Protestors of Chappelle show released without charges
Dave Chappelle was originally due to perform at the iconic First Avenue. Citing public backlash and criticism from employees and the public, First Ave management moved the comedy show to Varsity Theatre.
Protestors cited Chappelle’s extensive history of discriminatory jokes at the expense of Transgender and non-binary people. Many of those jokes end up in Chappelle’s Netflix specials.
“I don't think it's OK that transphobic people have a platform as large as this to dehumanize trans people,” said a protestor named Chuck. “Where in 2021 it was the deadliest year on record for trans and non-binary people and that's intimately correlated with a culture that widely dehumanizes and you know belittles the existence and experience of trans people.”
In a statement posted to Twitter, First Avenue management said it believes in diverse voices and the freedom of artistic expression, but in honoring that, it lost sight of the impact this would have.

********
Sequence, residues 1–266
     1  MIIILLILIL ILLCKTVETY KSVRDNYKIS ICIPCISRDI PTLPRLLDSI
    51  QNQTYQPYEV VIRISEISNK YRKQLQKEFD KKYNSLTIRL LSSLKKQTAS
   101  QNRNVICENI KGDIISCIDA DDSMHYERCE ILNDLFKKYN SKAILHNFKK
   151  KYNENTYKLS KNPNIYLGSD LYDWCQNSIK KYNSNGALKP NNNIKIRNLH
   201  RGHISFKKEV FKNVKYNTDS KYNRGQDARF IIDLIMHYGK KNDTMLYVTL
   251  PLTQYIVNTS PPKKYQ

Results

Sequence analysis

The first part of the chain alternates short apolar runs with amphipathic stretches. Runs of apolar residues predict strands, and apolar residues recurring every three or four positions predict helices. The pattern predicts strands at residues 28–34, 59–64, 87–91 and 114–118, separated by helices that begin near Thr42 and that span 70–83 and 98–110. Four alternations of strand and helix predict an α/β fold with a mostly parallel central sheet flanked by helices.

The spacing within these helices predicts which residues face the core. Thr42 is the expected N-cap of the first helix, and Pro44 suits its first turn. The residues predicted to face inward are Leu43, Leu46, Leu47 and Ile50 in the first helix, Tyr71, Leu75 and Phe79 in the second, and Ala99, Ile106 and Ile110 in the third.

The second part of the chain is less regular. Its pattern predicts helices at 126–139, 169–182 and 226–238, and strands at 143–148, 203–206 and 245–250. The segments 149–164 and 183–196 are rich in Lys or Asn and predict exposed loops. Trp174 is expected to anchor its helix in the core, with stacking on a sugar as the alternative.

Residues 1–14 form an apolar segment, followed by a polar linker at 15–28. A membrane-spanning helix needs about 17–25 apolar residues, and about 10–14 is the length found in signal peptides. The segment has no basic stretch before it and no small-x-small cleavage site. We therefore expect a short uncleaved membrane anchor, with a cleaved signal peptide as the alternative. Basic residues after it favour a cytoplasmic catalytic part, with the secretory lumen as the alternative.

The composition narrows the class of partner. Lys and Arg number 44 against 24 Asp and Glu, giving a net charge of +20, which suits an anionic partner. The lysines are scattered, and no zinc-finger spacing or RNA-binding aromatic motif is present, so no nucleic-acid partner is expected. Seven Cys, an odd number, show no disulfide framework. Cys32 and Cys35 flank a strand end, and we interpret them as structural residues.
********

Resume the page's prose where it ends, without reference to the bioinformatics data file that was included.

A protestor named Jason said that they weren’t impressed by the statement, and instead saw it as an empty gesture.
“I think it was pretty pointedly set up to say that they ‘canceled’ the show and actually the show wasn't canceled,” said Jason. “I think it was also interesting that last night while we were here Sonia Grover who is the head Booker for First Ave and Dayna Frank who is the owner, both went to the show.”
First Ave management denied requests for an interview. Kris, who has attended events at Varsity Theatre in the past, said she came out to protest for the people in her life.
“I'm here because I am standing up for Trans rights,” she said. “There are a lot of trans people in my life that I really care about and I would not feel OK with myself if I didn't show up for them in this moment.”
Tensions escalated after Chappelle’s final performance on Friday night, with police spraying mace and arresting five protestors. All protestors were eventually released without charges.